We have mapped relevant stakeholders within civil society in Europe who are active within the digital policy arena. Our aim was to get a better understanding of which digital issues are important to civil society organisations and how they frame these issues. This will help us find a new overlapping framework that would replace the imposed Digital Single Market narrative within which civil societies are now forced to fit their agenda. Our assumption is that an alternative frame would allow civil society to discuss digital issue in a way that aligns with their (public) mission and goals.

In order to understand the current issues that are put forward by civil society organisations, we have mapped the key digital policy issues, the key policy positions and the key policy documents on these issues. In this piece we share our methodology, the results and our reflection on the outcomes.

Methodology

We used the following methodology to map organisations, issues and key policy documents. We limited our mapping exercise to civil society organisations that work on the European level such as European organisations, think tanks and corporations. By an organisation working at EU level we mean organisations that have actively participated in any form in EU policy making related to the Digital Single Market strategy, for example: published a policy paper, took part in consultation or took part in an event related to the DSM. Due to practical limitations, we have only considered organisations that communicate in english. We have selected all entities that fulfilled these criteria from the participants list of RightsCon 2017 which was the largest conference on digital issues held in Brussels.

Our objective was not to have a full analysis of all relevant policy positions on every digital issue - this should be a next step in a follow-up research. Here, we aimed to map key organisations, issues and identify key documents so that we would be able to categorize the needs and perspective of these organisations.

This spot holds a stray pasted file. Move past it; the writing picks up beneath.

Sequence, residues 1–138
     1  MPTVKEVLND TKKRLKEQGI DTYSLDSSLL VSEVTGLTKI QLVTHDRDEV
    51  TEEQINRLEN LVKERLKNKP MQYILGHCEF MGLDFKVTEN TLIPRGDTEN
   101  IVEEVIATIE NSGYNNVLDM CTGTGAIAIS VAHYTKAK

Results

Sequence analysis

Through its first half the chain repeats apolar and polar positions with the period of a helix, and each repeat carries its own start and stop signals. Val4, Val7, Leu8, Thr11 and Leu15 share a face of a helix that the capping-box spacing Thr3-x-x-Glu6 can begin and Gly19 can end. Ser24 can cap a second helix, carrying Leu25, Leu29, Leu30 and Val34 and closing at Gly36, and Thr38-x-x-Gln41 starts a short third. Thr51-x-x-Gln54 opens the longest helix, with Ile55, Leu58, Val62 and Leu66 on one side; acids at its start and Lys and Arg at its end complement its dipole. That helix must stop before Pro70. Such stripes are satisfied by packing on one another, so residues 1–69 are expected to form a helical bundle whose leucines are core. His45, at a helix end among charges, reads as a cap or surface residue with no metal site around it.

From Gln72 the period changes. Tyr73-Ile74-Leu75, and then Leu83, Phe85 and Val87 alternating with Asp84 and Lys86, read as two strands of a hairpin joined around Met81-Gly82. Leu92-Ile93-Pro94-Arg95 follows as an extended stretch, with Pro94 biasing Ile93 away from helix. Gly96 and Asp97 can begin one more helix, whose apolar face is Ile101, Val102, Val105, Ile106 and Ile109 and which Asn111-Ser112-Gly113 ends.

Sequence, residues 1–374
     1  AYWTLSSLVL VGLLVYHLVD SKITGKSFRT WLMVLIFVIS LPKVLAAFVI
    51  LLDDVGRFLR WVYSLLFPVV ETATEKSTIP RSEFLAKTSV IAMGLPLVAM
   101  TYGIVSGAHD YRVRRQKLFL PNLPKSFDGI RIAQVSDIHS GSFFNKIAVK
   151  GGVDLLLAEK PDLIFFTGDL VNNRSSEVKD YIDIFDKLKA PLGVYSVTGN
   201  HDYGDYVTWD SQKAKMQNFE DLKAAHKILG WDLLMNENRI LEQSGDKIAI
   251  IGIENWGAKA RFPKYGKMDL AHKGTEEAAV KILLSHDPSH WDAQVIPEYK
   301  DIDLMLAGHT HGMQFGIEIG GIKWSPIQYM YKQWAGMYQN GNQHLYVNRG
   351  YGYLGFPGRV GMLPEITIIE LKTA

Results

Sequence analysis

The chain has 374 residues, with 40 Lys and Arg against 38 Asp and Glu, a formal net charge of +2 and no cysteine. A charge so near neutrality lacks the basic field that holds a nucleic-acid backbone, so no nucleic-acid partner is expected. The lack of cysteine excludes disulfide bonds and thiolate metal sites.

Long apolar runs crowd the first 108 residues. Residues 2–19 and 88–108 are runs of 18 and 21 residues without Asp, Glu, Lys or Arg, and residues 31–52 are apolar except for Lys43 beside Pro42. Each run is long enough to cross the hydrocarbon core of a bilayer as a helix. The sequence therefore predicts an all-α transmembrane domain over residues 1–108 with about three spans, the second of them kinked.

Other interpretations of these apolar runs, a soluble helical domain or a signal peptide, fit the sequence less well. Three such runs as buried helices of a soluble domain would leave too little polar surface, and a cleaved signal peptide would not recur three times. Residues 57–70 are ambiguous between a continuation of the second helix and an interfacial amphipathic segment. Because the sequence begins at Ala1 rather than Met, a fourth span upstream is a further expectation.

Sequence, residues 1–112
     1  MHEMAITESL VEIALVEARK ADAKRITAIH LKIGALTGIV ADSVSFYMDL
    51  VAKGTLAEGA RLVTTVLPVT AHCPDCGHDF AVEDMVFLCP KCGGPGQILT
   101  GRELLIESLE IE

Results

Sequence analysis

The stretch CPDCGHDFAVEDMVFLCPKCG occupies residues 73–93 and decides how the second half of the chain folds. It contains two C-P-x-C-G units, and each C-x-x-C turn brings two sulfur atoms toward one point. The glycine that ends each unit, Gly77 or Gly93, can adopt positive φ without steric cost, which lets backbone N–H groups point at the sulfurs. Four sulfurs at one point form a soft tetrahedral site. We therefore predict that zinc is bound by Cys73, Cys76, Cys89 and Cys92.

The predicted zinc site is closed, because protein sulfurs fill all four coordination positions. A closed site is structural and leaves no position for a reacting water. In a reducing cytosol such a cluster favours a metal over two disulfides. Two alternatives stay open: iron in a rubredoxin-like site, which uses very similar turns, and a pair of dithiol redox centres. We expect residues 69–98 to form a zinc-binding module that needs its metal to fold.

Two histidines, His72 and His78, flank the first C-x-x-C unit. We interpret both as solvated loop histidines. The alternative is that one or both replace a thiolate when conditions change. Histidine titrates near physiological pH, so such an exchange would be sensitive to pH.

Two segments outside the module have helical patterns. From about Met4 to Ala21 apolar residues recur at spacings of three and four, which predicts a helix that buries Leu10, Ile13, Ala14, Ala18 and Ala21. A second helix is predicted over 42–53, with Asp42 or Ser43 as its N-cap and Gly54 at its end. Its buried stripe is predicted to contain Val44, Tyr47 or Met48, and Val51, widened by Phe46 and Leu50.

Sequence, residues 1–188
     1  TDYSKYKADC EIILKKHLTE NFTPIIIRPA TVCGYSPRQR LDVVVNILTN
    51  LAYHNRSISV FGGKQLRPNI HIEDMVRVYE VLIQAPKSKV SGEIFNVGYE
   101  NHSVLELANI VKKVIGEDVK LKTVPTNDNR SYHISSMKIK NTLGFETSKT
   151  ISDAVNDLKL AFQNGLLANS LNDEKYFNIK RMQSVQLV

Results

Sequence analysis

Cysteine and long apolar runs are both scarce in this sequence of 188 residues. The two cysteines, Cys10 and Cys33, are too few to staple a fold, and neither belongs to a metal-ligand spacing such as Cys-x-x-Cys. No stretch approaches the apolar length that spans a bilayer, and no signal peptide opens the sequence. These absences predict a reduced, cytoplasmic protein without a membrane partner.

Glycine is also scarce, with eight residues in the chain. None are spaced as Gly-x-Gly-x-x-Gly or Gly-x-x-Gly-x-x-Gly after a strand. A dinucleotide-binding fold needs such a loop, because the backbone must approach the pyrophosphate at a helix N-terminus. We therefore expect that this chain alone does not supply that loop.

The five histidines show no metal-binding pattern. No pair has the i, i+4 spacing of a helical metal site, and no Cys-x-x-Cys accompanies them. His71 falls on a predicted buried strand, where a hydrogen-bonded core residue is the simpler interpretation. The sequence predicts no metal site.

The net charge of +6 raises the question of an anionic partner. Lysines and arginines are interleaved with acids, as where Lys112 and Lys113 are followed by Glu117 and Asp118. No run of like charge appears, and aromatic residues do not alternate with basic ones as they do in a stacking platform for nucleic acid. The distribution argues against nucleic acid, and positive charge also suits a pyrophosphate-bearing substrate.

Results

After analyzing and filtering 152 organisations, we were left with 85 organizations that fulfilled above mentioned criteria. You can find the results of our mapping exercise in this document. Within column A you find the list of the key organizations. In column B we have indicated whether an entity is an european ngo, an international ngo, a corporation that falls within the business sector, a representatives of sectors or a university. Column C includes - when available - their policy goal. Column D describes the policy areas where they are active. Lastly, Columns E and F list the most relevant documents in relation to digital policy.

This data shows a wide range of issues organisations are working on, such as digital security, open source, copyright, machine learning, women’s empowerment and (digital) human rights.

Reflections

After looking at the results of our mapping excercise, we were able to split the organisations into six new categories. These categories will help us understand the main approaches that exist within the area of digital policy. Per category, we will briefly describe what issues organisations are working on, what influences their strategy and the motivations behind working on digital policy.

The six categories are:

  1. organisations representing public entities;
  2. organisations that are part of the open movement;
  3. technology companies;
  4. organisations representing industry interest;